Page:Convocation Addresses of the Universities of Bombay and Madras.djvu/406

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1876.—Honorable Mr. Justice Innes.

and his race divided for a while with the Mogul the competition for India. At what was practically the fall of his dynasty in 1760 and the wreck of the aspiration of the Mahrattas for a Hindu empire, there remained, except Tanjore and the ancient kingdoms of Travancore and Cochin, no independent sovereign but the Mogul. For Orissa had been absorbed by the Mogul armies late in the seventeenth century, and Mysore was being ground under the heel of Hyder, who himself avoided assuming the position of royalty. The Mogul was sovereign of India from the Himalayas to Cape Comorin ; but the best energies of the dynasty had long been spent, and when strength was put forth at the seat of Government, the extreme boundaries of the empire, if they felt it at all, were sensible of but a feeble vibra- tion. The imbecility of the Government let loose the license of the Governors of Provinces, and the country was patrolled from end to end by bands of pitiless marauders. As Macaulay said in one of his speeches, " The people were ground down to the dust by the oppressor without, and the oppressor within ; by the robber from whom the Nawab was unable to protect them ; by the Nawab who took whatever the robber had left to them. All the evils of despotism and all the evils of anarchy pressed at once on that miserable race. They knew nothing of Govern- ment but its exactions. Desolation was in their imperial cities, and famine along the banks of their broad and redundant rivers. It seemed that a few years would suffice to efface all traces of the opulence and civilization of an earlier age."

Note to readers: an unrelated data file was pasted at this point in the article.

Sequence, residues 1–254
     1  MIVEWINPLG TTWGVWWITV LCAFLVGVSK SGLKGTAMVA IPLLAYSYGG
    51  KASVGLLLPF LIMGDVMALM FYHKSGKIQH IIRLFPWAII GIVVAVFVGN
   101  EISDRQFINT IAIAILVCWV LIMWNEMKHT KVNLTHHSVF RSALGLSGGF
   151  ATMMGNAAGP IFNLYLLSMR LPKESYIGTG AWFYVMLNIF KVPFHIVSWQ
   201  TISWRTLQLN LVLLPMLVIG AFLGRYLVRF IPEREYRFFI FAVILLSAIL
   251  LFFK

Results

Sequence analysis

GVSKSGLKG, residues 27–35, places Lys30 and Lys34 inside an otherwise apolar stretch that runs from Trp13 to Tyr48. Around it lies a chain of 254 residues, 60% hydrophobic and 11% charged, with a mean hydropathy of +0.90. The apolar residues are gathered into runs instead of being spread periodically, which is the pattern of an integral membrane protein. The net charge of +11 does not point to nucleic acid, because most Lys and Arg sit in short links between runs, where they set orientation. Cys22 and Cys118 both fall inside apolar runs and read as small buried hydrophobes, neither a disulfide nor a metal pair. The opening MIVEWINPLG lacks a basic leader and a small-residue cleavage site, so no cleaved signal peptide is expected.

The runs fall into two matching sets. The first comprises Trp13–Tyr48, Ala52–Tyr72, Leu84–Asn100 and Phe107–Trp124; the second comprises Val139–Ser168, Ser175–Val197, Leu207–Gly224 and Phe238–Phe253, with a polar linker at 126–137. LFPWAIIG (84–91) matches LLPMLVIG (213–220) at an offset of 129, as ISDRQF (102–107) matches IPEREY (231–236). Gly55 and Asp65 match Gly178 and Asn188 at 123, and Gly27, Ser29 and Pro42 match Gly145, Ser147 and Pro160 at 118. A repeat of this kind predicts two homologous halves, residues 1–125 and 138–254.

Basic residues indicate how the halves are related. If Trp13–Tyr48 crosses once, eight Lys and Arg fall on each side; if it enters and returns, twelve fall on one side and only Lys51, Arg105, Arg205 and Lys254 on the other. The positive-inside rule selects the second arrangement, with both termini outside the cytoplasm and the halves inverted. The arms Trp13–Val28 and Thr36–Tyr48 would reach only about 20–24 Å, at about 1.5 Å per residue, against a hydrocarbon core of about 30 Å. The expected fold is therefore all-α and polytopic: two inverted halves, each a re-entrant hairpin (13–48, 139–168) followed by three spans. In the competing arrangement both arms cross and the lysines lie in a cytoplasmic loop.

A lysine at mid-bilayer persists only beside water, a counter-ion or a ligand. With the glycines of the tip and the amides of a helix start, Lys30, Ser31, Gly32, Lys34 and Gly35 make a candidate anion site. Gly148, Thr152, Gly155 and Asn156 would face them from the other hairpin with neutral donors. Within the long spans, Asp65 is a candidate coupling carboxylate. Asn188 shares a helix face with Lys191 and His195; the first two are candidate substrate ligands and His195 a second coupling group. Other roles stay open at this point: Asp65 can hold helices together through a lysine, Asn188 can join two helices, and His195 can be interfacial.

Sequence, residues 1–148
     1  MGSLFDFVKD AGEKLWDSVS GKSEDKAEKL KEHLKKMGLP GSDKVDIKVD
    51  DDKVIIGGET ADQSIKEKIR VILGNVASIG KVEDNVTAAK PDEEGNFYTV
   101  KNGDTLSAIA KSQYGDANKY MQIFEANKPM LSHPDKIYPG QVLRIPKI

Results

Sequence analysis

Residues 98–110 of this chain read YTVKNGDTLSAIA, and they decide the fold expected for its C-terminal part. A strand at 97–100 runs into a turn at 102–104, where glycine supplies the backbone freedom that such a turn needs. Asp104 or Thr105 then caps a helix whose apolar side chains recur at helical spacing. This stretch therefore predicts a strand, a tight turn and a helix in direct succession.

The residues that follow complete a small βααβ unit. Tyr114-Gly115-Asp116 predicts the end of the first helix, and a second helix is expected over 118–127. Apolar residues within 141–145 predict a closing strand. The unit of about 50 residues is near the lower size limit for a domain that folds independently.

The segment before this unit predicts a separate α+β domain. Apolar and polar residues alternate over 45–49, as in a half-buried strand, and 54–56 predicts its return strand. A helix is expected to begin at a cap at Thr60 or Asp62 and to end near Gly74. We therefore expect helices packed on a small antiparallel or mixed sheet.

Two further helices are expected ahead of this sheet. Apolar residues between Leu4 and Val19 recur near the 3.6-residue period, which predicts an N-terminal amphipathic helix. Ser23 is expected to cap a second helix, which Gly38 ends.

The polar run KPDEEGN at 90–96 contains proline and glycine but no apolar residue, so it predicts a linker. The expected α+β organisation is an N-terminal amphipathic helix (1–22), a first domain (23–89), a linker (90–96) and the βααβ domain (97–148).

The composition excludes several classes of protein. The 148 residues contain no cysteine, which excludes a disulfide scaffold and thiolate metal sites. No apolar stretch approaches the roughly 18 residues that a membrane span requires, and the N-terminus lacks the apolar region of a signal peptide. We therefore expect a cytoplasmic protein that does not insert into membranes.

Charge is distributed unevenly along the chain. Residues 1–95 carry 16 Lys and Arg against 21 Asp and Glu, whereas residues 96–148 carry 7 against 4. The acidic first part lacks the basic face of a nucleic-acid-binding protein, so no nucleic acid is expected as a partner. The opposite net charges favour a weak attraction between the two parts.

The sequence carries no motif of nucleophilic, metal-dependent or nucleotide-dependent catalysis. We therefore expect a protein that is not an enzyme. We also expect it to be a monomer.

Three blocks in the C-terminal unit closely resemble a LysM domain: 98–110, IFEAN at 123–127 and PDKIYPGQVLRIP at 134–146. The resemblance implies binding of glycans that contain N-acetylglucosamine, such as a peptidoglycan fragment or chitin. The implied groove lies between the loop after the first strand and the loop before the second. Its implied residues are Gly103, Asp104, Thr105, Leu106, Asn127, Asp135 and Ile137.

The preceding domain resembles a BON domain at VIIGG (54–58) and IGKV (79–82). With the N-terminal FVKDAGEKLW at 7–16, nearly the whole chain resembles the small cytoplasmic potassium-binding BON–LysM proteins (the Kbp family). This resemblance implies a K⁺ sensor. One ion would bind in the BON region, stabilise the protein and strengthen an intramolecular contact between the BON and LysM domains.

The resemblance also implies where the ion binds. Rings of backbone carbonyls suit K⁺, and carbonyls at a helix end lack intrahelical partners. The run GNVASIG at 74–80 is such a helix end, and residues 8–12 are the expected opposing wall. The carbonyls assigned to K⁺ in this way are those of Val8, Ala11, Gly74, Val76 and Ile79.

It was at this juncture that the English entered upon that career which has resulted in the union of most of the numerous peoples of this vast empire under one strong and orderly Government. Four generations have passed away since then, and I believe that the tales of the lawlessness and misery of the preceding period are beginning to live but faintly in oral tradition. But in all its appalling features History still hands it down to us. The picture is fore-shortened, indeed by the perspective of time, but still conveys to imagination a sufficiently expressive contrast between those days and the present. The system which the English Government is cautiously pursuing may eventually disclose a considerable aptitude for local self-government which, duly fostered, may lead in time to the fullest development of representative institutions. But what that sagacious Historian, Mill, when examined before the Committee of the House of Commons in 1832 thought then " utterly out of the question, can scarcely even after the lapse of 44 years be very neai* at 15